Do you want to run a hyperparameter scan on 200 GPUs at once? Grid.ai will allow you to do this, by handling all the provisioning (and decommissioning) of infrastructure resources in the background, ensuring that your datasets are optimized for large-scale use and by providing metrics reports, all bundled with a one-to-use web user interface. You can also use Grid.ai to run instances for interactive development, either on the console or attached to a Jupyter notebook.
Grid.ai’s efforts to simplify training of large-scale models will be useful for companies that regularly need to launch trainings that occupy 100 or more GPUs at a time, but it remains to be seen how many of those customers are there. Still, if you need a streamlined training pipeline for your data scientists that minimizes cloud costs, you should definitely take a close look at Grid.ai.
DataRobot would love to own your business’s AI lifecycle, from data readiness to production deployment, and the company makes a good case for that. DataRobot’s data preparation pipeline has all the web UI features you would expect to make data enrichment a snap. it is introduced into a model.
DataRobot has an automated machine learning system that will train a series of models against targets for you, allowing you to select the best performing generated model or one of your own uploaded to the platform. When it comes to deployment, the platform’s built-in MLops module tracks everything from availability to drifting data over time, so you can always see your models’ performance at a glance. There is also a feature called Humble AI which allows you to put additional guardrails on your models in case any low probability events occur at the time of the prediction, and of course these can also be tracked through the MLops module.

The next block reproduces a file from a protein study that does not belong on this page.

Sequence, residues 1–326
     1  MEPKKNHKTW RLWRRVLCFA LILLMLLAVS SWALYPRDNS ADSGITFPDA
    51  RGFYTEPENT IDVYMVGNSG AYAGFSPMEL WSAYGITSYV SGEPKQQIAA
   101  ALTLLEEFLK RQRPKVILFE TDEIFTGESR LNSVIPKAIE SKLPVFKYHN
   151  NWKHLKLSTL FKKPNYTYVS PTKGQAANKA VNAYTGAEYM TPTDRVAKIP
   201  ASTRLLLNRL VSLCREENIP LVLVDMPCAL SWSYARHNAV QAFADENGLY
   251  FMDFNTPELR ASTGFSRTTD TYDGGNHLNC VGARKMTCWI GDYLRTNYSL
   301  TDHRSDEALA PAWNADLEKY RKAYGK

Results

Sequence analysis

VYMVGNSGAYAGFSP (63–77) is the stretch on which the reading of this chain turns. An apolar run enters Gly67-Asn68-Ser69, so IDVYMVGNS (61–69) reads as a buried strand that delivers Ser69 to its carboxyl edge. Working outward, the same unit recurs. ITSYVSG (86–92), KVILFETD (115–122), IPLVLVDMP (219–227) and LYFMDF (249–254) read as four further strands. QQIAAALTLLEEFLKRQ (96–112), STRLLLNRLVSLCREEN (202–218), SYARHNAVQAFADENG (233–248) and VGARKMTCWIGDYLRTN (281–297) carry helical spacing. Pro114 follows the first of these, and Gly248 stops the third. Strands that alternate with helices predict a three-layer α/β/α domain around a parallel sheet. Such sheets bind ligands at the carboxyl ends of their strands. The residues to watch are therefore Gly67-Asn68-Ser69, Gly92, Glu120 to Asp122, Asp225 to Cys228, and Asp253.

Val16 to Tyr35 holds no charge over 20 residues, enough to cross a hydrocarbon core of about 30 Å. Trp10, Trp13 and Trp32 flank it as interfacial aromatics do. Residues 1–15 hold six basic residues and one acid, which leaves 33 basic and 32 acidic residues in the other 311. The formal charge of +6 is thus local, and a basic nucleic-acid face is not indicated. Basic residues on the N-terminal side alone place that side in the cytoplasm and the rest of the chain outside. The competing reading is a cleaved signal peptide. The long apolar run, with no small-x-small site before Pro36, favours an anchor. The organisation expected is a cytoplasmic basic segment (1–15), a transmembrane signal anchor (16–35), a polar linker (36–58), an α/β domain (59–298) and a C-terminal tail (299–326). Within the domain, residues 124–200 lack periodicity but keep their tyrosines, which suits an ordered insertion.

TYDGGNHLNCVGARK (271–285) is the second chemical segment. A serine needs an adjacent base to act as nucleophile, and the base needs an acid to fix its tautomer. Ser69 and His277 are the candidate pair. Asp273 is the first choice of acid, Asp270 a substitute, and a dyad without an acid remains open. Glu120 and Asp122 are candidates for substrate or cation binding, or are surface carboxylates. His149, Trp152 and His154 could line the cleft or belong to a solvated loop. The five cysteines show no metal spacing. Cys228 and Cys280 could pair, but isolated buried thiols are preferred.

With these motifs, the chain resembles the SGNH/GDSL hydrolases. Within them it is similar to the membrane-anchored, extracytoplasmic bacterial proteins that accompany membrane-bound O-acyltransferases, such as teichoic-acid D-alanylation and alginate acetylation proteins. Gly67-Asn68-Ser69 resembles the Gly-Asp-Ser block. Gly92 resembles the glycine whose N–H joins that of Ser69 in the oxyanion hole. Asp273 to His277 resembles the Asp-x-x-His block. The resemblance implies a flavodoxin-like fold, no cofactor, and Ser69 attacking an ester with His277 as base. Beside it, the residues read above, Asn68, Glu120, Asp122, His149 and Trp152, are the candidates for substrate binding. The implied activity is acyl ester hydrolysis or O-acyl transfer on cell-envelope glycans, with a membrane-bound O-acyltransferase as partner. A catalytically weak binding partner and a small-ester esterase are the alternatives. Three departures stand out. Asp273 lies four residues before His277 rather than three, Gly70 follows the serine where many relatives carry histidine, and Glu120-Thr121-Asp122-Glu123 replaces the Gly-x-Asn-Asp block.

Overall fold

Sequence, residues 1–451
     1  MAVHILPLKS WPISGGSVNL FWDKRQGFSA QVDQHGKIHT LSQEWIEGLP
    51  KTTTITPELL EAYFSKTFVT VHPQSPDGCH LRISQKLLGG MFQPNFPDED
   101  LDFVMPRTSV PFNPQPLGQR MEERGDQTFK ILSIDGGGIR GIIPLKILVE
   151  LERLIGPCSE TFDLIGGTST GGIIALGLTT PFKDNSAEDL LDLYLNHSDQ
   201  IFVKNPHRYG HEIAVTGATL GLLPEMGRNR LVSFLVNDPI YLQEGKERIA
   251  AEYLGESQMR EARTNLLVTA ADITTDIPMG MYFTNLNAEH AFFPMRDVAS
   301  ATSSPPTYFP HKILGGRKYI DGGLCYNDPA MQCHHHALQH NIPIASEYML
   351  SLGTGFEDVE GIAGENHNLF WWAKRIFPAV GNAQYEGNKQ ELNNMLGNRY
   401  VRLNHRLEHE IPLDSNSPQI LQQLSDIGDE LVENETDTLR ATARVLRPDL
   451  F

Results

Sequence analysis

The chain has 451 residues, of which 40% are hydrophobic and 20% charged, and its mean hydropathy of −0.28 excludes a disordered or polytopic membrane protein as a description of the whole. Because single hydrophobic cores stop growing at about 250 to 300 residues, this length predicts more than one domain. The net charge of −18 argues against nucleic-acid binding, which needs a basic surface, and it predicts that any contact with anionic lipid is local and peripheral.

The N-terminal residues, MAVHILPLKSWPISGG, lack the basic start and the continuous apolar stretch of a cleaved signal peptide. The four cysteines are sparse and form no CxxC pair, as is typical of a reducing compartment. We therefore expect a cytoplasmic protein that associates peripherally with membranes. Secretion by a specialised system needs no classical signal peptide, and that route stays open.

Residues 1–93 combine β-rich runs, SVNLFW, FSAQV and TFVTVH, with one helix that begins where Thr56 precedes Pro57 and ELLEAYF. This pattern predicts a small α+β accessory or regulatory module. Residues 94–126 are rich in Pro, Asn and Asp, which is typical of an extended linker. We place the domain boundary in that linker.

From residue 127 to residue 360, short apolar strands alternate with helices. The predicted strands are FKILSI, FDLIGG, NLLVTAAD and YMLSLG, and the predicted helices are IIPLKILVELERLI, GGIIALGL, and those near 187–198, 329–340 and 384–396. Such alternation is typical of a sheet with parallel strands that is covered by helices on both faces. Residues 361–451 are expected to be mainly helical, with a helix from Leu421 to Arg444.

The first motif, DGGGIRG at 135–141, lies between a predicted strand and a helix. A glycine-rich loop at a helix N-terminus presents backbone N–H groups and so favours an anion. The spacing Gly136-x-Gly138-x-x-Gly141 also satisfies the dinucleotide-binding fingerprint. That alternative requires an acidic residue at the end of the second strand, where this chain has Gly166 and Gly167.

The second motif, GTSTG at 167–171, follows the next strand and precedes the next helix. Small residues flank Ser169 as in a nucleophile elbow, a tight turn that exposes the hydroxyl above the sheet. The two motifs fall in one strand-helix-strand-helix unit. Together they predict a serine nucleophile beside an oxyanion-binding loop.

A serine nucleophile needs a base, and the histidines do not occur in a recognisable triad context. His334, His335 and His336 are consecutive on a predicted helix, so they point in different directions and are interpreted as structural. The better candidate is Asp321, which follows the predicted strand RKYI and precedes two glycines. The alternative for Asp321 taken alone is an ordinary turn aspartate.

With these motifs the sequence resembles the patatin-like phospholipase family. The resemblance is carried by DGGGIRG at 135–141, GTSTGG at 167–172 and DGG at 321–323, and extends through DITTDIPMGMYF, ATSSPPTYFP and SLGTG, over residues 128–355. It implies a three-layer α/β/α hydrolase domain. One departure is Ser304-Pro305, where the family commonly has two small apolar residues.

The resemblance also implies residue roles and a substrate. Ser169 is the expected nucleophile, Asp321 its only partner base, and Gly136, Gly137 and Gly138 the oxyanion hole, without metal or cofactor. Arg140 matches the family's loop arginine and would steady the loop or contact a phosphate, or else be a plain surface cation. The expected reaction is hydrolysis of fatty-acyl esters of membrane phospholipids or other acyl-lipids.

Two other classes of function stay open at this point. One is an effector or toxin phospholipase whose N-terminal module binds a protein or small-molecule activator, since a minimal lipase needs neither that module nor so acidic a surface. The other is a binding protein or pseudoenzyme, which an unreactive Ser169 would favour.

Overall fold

With a slight difference from most of the other startups on this list, DataRobot will be moving to bare metal in your own data centers and Hadoop clusters, as well as private and managed cloud offerings, showing that it is committed to compete in all areas of the enterprise AI platform fights ahead, serving customers, from the fast-growing start-up to the established Fortune 500 enterprise.
MLops is one of the hottest areas in AI right now – and the need for accelerators, platforms, management and monitoring will only increase as more businesses will enter the AI space. If you join the AI Gold Rush, you can turn to these five startups to provide your pickaxes and axes!